In Aim 2, Pctp+/+ and Pctp-/- mice and hepatocytes harvested from these mice will be used to determine whether PC-TP modulates key ER stress pathways that regulate insulin signaling and IRS2 activity by immunoblot analyses. ER stress signaling will be activated by refeeding following 24 h starvation in mice, and by the chemical reagent tunicamycin in cell culture systems.
Aim 3 will utilize peritoneal macrophages harvested from Pctp+/+ and Pctp-/- mice and bone marrow transplantation of Pctp-/- donor cells into Pctp+/+ recipient mice. Inflammation will be induced by high fat diet feeding in mice, and by lipopolysaccharide treatment in cell culture. Inflammatory signals will be measured by ELISA, immunoblot and qPCR analyses. It is anticipated that PC-TP will regulate insulin signaling by regulating IRS2 activity both directly and by modulating ER stress and inflammation. This is important because loss of IRS2 expression and increased ER stress and inflammation are associated with development of insulin resistance. These studies are expected to identify new therapeutic targets for the management of insulin resistance and related disorders. The data generated from this research proposal will form the basis for an R01 grant application at the end of the K01 award.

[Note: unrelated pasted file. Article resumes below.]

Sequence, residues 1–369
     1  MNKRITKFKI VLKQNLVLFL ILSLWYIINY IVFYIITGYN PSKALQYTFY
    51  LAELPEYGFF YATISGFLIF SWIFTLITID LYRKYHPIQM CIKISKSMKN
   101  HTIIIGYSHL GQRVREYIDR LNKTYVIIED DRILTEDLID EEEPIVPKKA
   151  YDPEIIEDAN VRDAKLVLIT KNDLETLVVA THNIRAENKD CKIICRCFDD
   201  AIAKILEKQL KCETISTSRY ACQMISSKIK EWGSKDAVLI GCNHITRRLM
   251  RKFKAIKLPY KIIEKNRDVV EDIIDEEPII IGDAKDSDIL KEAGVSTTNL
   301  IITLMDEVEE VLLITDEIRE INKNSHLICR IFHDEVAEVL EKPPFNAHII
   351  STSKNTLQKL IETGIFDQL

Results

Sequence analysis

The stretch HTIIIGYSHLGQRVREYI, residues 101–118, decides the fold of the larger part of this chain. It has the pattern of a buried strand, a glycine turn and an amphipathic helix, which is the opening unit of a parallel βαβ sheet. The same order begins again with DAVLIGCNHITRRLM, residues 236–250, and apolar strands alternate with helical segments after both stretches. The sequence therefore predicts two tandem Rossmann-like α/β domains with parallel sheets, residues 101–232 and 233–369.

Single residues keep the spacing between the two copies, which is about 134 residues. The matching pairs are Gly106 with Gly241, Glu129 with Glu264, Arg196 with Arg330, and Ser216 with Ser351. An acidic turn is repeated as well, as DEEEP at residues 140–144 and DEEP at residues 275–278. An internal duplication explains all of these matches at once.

Public Health Relevance

The proposed studies will examine the mechanism by which a novel protein complex regulates hepatic glucose metabolism. This research is relevant to public health because it is anticipated that the results will improve our understanding of the relationships between obesity and insulin resistance. The proposed studies are relevant to the mission of the NIDDK because they are expected to identify new therapeutic approaches for the management of common disorders related to insulin resistance.

National Institute of Health (NIH)
National Institute of Diabetes and Digestive and Kidney Diseases (NIDDK)
Research Scientist Development Award - Research & Training (K01)
Project #
Application #
Study Section
Digestive Diseases and Nutrition C Subcommittee (DDK)
Program Officer
Hyde, James F
Project Start
Project End
Budget Start
Budget End
Support Year
Fiscal Year
Total Cost
Indirect Cost
Brigham and Women's Hospital
United States
Zip Code
Ersoy, Baran A; Maner-Smith, Kristal M; Li, Yingxia et al. (2018) Thioesterase-mediated control of cellular calcium homeostasis enables hepatic ER stress. J Clin Invest 128:141-156